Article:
Pullbox Reviews: We Can Never Go Home (tpb)- Riding a Snowball of Trouble Down a Big Friggin Hill…

4f2145a252bc92dbdb405efd0bef7abc_xlWe Can Never Go Home (Black Mask Studios)
Written by Matthew Rosenberg & Patrick Kindlon
Illustrated by Josh Hood
Colors by Amanda Scurti
Lettered by Jim Campbell
Cover by Michael Walsh

“A well worn mixtape, a stolen convertible, a duffel bag full of cash, a fully loaded .45, and super-powers. 17 and on the run is the only way to see America right.”

Navigating the halls of high school is never easy. And for teenage outcast Duncan and popular girl Madison things are even harder. They share a secret- they can do things other people can’t. But their abilities and need for secrecy take them down a dangerous path. After making a terrible and deadly mistake they are left with no choice. They have to leave and never come back.

A blend of crime road stories like True Romance & Badlands, coming of age tales like Pretty In Pink & Ghost World, and “outcast kids against the world” books like Runaways & Deadly Class, We Can Never Go Home is a new chance to fall in love with the doomed misfits and the dreamers who set off to find something bigger.

We Can Never Go Home is the debut creator-owned book from writers Matthew Rosenberg (12 Reasons To Die / co-writer on Ghostface Killah’s new LP 36 Seasons), Patrick Kindlon (hit webcomic Menu / upcoming OGN The Urn), and artist Josh Hood (JLA: Scary Monsters, Venom).

In the realm of teen angst, I’m out of my depth… I haven’t been a teen in a very long while. While I do remember, vaguely, having been a teen, I’m not so sure that I was particularly angsty even then. That said, even I’ve found something to relate to in this story of two teens on the run.

Madison and Duncan couldn’t be more different. They didn’t hang out together, or even in the same area code of high school clique-dom. Where Madison was the pretty hanging with the cool and popular crowd, Duncan was the outcast fringer with no ties to anyone. Even so, the two find themselves in each other’s orbit on the night that Madison’s football playing boyfriend Ben parks at make out point and makes “the move”. Duncan is there, having stolen his drunk dad’s handgun (kids, don’t do that… gun safety is serious business) and gone out for some target practice.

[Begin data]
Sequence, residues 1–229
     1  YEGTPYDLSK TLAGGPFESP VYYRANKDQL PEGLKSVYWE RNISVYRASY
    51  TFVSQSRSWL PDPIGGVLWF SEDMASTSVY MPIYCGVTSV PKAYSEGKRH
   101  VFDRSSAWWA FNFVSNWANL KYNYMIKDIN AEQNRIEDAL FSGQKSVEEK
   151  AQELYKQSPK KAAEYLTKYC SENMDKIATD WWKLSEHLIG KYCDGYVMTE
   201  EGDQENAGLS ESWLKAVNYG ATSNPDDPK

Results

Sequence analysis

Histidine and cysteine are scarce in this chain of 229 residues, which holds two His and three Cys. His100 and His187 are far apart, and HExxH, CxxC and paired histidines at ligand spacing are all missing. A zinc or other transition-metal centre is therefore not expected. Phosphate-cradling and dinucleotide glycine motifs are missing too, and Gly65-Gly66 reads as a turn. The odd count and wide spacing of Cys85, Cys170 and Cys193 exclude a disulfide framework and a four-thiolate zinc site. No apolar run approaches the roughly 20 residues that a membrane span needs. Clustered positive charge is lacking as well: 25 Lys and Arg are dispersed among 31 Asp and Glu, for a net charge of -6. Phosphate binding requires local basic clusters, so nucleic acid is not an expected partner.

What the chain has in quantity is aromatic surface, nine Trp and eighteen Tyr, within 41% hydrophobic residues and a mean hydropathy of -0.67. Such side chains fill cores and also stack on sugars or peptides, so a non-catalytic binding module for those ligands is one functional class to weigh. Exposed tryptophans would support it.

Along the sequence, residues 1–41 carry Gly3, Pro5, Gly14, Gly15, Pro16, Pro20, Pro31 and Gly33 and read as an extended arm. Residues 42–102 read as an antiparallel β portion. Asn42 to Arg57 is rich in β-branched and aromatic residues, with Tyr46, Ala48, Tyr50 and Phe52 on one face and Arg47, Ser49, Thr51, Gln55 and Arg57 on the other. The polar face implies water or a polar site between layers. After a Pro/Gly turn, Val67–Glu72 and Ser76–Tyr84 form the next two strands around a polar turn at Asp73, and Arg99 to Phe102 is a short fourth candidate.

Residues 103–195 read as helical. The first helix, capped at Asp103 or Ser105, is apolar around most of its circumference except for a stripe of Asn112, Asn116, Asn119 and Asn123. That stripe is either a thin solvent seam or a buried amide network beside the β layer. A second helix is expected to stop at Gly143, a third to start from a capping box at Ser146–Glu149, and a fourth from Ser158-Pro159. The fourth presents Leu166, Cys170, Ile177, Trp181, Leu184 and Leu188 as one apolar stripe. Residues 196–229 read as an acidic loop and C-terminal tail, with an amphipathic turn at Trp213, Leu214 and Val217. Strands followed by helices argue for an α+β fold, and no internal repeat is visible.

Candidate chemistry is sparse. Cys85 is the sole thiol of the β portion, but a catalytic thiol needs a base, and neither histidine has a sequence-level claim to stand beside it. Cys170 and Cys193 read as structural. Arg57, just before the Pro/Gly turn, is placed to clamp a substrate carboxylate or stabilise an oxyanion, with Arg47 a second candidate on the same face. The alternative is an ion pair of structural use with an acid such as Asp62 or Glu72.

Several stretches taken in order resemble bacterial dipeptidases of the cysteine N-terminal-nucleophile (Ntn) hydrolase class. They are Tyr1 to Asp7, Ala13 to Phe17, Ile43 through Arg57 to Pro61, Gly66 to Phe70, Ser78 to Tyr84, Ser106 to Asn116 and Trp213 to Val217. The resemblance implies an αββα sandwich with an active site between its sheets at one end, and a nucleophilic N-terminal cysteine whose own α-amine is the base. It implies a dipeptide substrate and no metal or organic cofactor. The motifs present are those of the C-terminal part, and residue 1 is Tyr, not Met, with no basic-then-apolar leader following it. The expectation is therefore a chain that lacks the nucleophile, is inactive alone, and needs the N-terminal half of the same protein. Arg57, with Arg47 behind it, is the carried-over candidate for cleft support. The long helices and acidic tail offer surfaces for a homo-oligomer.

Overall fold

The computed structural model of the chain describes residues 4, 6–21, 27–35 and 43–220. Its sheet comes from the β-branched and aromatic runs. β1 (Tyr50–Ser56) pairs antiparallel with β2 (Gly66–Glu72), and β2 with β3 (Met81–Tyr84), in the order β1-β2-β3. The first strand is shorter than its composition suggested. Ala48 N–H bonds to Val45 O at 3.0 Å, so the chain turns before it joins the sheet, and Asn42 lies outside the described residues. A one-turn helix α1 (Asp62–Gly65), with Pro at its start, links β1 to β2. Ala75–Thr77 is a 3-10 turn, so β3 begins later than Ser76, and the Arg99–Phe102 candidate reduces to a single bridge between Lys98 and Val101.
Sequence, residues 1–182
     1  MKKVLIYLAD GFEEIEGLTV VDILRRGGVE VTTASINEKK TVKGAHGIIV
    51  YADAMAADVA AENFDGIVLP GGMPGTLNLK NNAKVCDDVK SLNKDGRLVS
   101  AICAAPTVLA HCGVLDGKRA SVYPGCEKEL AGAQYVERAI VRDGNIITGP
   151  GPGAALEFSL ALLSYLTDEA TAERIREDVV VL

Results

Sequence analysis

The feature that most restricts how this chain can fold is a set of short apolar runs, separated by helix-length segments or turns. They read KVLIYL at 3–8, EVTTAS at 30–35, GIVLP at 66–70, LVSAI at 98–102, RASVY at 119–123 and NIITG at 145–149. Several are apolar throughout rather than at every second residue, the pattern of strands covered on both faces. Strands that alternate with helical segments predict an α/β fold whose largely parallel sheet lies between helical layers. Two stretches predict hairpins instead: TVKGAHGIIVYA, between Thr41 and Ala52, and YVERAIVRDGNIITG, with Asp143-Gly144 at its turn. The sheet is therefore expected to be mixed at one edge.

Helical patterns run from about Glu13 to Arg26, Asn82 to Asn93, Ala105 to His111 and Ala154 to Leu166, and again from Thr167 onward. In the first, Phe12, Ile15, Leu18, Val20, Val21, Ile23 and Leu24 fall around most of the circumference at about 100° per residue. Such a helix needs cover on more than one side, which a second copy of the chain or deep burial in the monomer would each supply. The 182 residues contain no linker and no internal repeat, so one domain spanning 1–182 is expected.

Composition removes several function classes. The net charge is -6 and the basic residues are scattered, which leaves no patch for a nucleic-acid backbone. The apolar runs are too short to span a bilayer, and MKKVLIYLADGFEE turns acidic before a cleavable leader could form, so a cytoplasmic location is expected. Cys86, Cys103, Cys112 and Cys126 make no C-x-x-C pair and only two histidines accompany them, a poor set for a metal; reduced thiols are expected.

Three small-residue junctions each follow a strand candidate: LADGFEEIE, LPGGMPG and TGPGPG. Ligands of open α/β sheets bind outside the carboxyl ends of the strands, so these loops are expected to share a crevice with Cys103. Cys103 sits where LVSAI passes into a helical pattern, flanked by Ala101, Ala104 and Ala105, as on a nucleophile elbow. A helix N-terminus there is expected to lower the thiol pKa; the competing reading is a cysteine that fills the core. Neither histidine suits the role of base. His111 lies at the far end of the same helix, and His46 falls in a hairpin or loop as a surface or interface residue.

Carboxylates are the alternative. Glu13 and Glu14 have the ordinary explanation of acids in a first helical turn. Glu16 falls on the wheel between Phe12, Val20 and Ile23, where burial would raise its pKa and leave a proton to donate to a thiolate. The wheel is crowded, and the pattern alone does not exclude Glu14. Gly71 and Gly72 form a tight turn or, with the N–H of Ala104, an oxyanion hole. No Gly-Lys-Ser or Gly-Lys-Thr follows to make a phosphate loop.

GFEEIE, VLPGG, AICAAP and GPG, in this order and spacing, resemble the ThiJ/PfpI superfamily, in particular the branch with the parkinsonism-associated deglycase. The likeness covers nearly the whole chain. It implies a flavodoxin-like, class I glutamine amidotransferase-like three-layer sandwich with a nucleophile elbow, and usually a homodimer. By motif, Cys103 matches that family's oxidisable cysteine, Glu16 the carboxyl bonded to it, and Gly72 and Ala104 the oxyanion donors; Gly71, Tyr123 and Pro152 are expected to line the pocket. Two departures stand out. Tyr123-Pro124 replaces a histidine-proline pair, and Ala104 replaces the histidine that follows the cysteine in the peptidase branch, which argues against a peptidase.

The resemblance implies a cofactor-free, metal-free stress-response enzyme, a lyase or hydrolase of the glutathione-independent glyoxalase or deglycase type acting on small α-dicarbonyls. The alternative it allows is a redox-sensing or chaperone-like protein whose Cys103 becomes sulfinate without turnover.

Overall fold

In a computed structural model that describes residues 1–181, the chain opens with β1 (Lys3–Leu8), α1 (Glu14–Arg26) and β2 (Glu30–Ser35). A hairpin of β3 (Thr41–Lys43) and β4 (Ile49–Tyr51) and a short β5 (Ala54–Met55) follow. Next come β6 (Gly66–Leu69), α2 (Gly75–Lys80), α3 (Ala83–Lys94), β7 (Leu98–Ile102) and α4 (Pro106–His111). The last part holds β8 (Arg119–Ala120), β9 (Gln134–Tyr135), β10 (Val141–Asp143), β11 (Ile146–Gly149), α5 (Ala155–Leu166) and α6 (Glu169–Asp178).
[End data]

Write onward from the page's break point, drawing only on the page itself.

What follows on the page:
Things get out of hand when Ben spots Duncan outside the truck. Believing Duncan to be peeping, and to be truthful he kinda was, Ben jumps out of the truck to confront him. Before the violence gets out of hand, Madison tries to intervene. When Ben shoves her away, the secret slips… her eyes spark with power, she grabs Ben one-handed, and throws him twenty feet or so. From here, things start to get out of hand. There’s a long walk home that results in a sharing of secrets, a beating that ends in an accidental death, and an interrupted drug deal that ends with a dufflebag full of appropriated cash. Thus begins the off-kilter relationship between Duncan and Madison, two young people who otherwise might never have exchanged more than two very awkward words.

The writing is as sharp as anything else I’ve seen, and the growing friendship between Duncan and Madison puts them on the run from multiple parties (drug dealers don’t like it when you take their cash, police don’t like it when people end up dead, there might be some out there interested in a teenage girl who can toss a car). As far as road trip buddy stories go, there were some elements that reminded me a lot of Preacher by Garth Ennis and Steve Dillon. Other elements reminded me of The Breakfast Club, Breaking Bad, and Fargo. Overall, not a bad list of things to be compared to, in my opinion.

Quirky, kinda fun, sometimes brutal… We Can Never Go Home asks what happens when a couple kids find themselves with great power, but very little responsibility.





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